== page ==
What does it take to be a college receiver?

It's not all about height, hands, speed and other physical qualities. Coaches often look beyond the numbers to get players that fit into their offensive systems.

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What can't be argued is this: Western Pennsylvania, uncharacteristically, has a tremendous assemblage of talented high school wide receivers this year.

Toney Clemons, Nick Sukay, Jon Ditto, Derek Moye, Dom DeCicco, Fitzgerald Bobo and Tim Cortazzo -- all of them game-breakers; each a player who can quickly shift the direction of a contest.

But isn't calling this crop "good" or "solid" or "stellar" a bit of a generality? Sort of an all-encompassing adjective that fails to provide much depth?

So, what is it that opens the eyes of the college recruiters? When they pore over hours and hours of film and head out to high school football fields across this country trying to find the next Larry Fitzgerald, what is it that the college coaches are looking for?

Is it Stickum-type hands? Perhaps deft footwork as a receiver runs routes? Is it a quickness that allows the receiver to get off the line of scrimmage? Or, maybe all the physical traits are superseded by what's between the ear pads.

More likely it is a combination of those things.

There are certain characteristics that separate great players from the innumerable receivers who never cause a blip on the radar screens of major-college recruiters.

First, there are the hard numbers. Pitt wide receivers coach Aubrey Hill, a former wideout at Florida who helped the Gators to three Southeastern Conference championships, knows what draws the initial interest.

"As a coach, the general standards are what sort of first opens your eyes to a recruit," he said. "Things such as height and weight and their [40-yard dash] time and how well they can catch the football."

Tom Bradley, Penn State's defensive coordinator who recruits Western Pennsylvania, also subscribes to a simple formula when weeding through candidates who might warrant a closer look.

"I would say just overall athleticism is the most important quality," he said. "I mean, if you can catch, but can't run, that's a problem. Or if you can run, but can't catch, then that's a problem."

Arriving at top-shelf level is more than just impressing by the measures on a stopwatch or how a player looks in a tank top and mesh shorts.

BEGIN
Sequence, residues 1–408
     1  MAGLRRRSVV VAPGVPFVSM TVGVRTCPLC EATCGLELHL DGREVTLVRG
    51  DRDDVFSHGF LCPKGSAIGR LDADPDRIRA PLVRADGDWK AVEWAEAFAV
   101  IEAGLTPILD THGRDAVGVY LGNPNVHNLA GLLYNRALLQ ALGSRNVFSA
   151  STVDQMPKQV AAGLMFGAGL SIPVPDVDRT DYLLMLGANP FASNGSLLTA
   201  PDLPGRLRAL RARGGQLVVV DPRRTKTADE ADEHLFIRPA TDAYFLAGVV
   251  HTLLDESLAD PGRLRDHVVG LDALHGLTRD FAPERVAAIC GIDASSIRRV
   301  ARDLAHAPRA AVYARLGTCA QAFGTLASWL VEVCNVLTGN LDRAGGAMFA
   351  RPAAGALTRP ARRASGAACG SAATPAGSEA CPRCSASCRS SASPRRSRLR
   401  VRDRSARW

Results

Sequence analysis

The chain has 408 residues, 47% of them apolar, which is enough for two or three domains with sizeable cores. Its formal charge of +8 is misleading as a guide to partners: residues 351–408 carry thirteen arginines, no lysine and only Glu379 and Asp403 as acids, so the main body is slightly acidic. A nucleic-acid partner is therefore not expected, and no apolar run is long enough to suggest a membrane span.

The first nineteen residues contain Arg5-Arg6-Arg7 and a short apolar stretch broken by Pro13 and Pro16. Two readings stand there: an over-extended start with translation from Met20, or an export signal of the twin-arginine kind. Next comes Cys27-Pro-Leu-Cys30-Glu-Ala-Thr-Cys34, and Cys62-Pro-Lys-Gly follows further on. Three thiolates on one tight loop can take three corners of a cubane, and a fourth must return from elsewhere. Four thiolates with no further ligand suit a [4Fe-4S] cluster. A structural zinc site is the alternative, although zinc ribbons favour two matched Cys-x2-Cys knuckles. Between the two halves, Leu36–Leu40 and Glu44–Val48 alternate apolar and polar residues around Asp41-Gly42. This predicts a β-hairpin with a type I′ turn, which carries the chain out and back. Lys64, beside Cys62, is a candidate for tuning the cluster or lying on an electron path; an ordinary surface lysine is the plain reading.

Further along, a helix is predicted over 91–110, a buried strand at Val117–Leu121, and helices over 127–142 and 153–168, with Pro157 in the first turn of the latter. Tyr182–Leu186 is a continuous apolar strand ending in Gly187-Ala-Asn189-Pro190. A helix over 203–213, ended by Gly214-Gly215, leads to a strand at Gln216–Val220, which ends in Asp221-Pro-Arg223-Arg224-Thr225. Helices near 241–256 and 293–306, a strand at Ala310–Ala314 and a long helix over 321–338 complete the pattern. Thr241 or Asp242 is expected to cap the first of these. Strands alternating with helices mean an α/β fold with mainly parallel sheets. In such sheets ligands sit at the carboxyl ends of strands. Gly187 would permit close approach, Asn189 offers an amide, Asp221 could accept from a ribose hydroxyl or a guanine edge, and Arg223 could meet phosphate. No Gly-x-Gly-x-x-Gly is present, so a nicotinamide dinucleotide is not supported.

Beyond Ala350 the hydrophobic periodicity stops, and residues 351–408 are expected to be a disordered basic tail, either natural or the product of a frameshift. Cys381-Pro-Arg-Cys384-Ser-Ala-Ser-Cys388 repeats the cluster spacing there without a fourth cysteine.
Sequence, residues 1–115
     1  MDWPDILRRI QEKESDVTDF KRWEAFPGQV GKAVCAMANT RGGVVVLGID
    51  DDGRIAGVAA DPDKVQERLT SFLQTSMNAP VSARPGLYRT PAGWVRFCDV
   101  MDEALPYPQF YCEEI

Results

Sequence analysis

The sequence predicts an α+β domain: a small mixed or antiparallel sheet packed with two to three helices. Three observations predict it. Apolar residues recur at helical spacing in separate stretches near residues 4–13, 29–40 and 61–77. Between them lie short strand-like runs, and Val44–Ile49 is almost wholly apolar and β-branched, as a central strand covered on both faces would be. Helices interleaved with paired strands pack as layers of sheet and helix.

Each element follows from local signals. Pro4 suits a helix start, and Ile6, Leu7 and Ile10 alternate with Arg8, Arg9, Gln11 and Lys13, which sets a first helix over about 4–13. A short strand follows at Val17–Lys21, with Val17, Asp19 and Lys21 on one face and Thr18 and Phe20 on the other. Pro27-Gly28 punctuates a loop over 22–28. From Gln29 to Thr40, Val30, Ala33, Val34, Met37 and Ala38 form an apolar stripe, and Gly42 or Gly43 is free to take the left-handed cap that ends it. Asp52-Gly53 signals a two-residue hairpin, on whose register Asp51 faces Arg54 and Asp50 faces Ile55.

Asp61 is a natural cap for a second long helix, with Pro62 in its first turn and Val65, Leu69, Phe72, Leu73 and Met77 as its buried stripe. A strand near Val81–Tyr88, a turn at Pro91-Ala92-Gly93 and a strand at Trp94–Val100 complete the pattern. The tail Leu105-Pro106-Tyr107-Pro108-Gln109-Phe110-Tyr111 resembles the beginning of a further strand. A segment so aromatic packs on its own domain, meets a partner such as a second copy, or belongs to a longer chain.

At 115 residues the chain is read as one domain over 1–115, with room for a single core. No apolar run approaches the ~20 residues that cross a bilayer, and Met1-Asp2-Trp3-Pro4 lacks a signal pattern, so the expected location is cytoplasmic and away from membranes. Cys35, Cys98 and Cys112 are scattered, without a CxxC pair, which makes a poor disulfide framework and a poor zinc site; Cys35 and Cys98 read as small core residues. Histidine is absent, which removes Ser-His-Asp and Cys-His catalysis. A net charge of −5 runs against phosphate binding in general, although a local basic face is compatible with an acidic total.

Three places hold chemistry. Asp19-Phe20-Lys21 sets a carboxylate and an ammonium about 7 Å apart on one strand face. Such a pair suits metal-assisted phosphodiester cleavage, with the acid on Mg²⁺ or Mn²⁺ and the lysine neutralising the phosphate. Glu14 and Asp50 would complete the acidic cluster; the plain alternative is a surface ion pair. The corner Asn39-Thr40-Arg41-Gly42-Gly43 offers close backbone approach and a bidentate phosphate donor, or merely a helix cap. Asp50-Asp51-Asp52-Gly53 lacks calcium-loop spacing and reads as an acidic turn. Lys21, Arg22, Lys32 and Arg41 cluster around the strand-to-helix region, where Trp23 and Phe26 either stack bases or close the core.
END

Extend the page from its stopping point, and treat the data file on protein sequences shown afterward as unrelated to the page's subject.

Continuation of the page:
To reach premier status, as this year's top WPIAL receivers have, things are more in-depth than, say, running down to the green Buick and doing a button-hook.

At Pitt, that is accentuated.

"For our program, you have to learn so many formations and concepts because we run an NFL system," Hill said. "There are so many different reads and different things you have to learn. If there's a situation where young kids struggle to make an adjustment, that is where it shows up most.

"Simply put, you have to be a sharp tack in order to be able to get on the field here as a receiver."

West Virginia receivers coach Butch Jones initially looks for something not found on game film when he's pursuing a youngster.

"The personal traits," he said. "That's what I'm looking for. What is their work ethic like? What kind of person are they? What are their personality traits? To me, it all starts there and then gets into their physical abilities."

And the student-athletes seem to know what the recruiters want.

"I would probably say that running good routes is the most important aspect of being a receiver," said Moye, one of Rochester's most heavily recruited players in years. "There are receivers in the NFL who aren't too fast or too tall, but they know how to get open and make catches because they run good routes."

Clemons, one of the finest pass-catchers to play at Valley in recent memory, holds steadfast to his belief that listening intently and showing the drive to constantly get better is half the battle.

"I think being coachable is the biggest thing," he said, "You have to be knowledgeable, but always open to things like new ways to run routes. If you think you know everything already, you won't get any better."

While receivers make their marks on the edge and are customarily built less like a Peterbilt and more like a Lotus, college coaches also want them to show a sizable amount of grit. Coaches don't want receivers who back down from the tussles that ensue for open space or fail to throw the punishing block, sending a defender skidding on his backside across the turf.

"We always say as a staff that we want to look at a kid we are recruiting and feel comfortable saying, 'That kid is a football player,' " Hill said. "A lot of time, yes, what they do at camps can give you an idea in terms of the tests and drills they go through in a camp situation.

"But when it comes down to it, too many people get caught up in the straight numbers and, to me at least, I need to look at a kid and say, 'This kid is a player; he's going to show up when it's game time.' "


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Colin Dunlap can be reached at cdunlap@post-gazette.com or 412-263-1459.


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